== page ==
How to be more explicit in Business Process Definitions during Business Process Design?

Ian Ramsay - PeerSpot reviewer
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4 Answers

Real User
Apr 19, 2022

One of the big changes over the past decade or so has been the shift away from a single modeling standard to a set of them.

UML, BPMN and ArchiMate are three of the more well-known ones.

The direction has been to use these standards to complement each other and build up not only a complete model but a complete interconnected model.

A business process can be modeled in BPMN and also in ArchiMate yet they should represent the same thing, albeit from different perspectives.

A business process in BPM defines a recognized distinct defined undertaking in a business environment with a specific business-related purpose. IN BPMN these processes interact with each other and each one is composed of activities.

In ArchiMate, a business process is part of the overall structure and flow of business collaborations, activities, services, and so on.

The best way to produce a structured and useful model of all this instead of an amorphous block of things is to define each process and consist of whatever representations are useful to you at any given time but ensure that any process is represented, however, you choose to represent it, only once.

If you choose to represent a process as a doublet of a BPMN and ArchiMate business process then make sure there is only one doublet per process and make sure each member of the double is associated with the other.

That way, as your model grows and evolves, you can represent it in the appropriate context without ending up without multiple versions of "Bank Loan Application" all over the place.

Other possible approaches include defining a hybrid stereotype to incorporate both standards, using one notation everywhere, or setting up a hyperlink based relation



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Real User
Apr 19, 2022

I favour a top-down approach to any specification.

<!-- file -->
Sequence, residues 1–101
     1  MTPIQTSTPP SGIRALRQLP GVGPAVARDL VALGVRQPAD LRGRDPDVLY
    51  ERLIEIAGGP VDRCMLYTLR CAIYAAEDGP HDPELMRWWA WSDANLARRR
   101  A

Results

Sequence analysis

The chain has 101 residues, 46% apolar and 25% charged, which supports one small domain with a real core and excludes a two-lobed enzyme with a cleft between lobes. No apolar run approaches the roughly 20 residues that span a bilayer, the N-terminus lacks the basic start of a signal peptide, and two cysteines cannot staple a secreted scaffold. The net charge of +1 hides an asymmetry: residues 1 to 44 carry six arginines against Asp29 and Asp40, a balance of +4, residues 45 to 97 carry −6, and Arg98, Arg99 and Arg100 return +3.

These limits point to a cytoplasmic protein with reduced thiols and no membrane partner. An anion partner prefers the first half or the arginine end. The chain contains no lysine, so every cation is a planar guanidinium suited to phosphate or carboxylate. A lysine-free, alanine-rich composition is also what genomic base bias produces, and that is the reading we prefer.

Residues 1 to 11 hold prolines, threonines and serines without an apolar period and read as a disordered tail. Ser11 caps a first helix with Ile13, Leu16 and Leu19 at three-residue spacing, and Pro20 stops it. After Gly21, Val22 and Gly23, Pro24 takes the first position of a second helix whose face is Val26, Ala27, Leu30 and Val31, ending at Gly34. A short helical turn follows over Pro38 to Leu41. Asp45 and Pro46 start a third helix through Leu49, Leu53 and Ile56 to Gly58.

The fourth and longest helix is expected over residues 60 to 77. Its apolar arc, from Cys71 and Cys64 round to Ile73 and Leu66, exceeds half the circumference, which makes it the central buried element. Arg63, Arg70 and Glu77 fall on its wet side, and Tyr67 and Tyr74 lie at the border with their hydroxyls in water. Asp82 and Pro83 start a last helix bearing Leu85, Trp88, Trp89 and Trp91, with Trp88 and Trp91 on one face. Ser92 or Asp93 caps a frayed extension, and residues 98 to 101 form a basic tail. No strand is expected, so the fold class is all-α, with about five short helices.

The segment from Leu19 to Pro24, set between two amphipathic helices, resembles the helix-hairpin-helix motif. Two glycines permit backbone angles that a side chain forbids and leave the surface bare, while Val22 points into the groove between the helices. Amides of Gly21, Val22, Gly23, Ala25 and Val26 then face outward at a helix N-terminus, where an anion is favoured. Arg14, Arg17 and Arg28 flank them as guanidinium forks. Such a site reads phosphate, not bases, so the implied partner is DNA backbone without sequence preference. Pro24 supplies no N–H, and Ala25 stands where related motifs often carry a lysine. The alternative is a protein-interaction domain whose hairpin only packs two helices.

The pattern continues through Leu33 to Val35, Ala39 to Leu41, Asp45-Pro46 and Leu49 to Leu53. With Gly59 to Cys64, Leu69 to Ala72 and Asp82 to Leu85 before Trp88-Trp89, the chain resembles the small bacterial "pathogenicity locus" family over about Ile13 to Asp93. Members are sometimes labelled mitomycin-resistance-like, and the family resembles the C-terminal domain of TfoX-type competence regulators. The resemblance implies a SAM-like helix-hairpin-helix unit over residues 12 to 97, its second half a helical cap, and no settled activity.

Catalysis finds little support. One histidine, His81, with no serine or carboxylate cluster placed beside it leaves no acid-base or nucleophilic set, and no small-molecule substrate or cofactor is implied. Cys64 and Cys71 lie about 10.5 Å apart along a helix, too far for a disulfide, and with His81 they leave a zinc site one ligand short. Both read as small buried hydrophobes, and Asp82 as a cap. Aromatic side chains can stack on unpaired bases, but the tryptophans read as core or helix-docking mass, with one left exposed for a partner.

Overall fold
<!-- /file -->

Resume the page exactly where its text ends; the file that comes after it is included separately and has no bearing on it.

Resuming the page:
1. I often use a UML activity diagram for this type of 'complexity reduction analysis' because it is easy to model the complexity hierarchically (drill down if interested) 

2. Start with broadstrokes top-level activities in client speak.

3. If the activity deed elaboration - create a child diagram from it.

4. Do that recursively as required

* Essentially diagrams should not be overly complex (ideally printable on A4).

* This aids cognition by interested parties of diverse backgrounds and expertise.

However, where complexity does need elaboration then use the hierarchical structure alluded to above (win-win).

If I knew how to share an image I would post it here.

The tool I use is not specific to Business Process - and indeed it does have specific BPMN and other business Process diagram capabilities. Experts in this field will have their own preferences.

I like the basic UML Activity diagram because it is powerful and simple to use.

The tool I am using here is Enterprise Architect by Sparx - an affordable but powerful Analysis/design/code generation tool that does so much more. It has loads of diagrams and model types.

Hope that helps?


Real User
Apr 20, 2022

I have tried to understand the two main things: 

1. Who is involved? and 

2. What is the end goal? 

Once I understand these 2 things, I then start working towards the middle. 

I use Obsidian to define each of the actors, processes, definitions, what connects to each thing, etc. 

I have been venturing into this space to help other companies figure out what they want to accomplish and what tools that are out there (low code/no code) is best to implement for their use case. I enjoy good complex debates. 

Community Manager
Apr 18, 2022

Hi @Tracy Hautenen Kriel, @Dawn McClure, @MichaelSukachev, @Shankar HN ​and @Santosh Kurakula,

Can you please share your professional thoughts with your peer, @Ian Ramsay?


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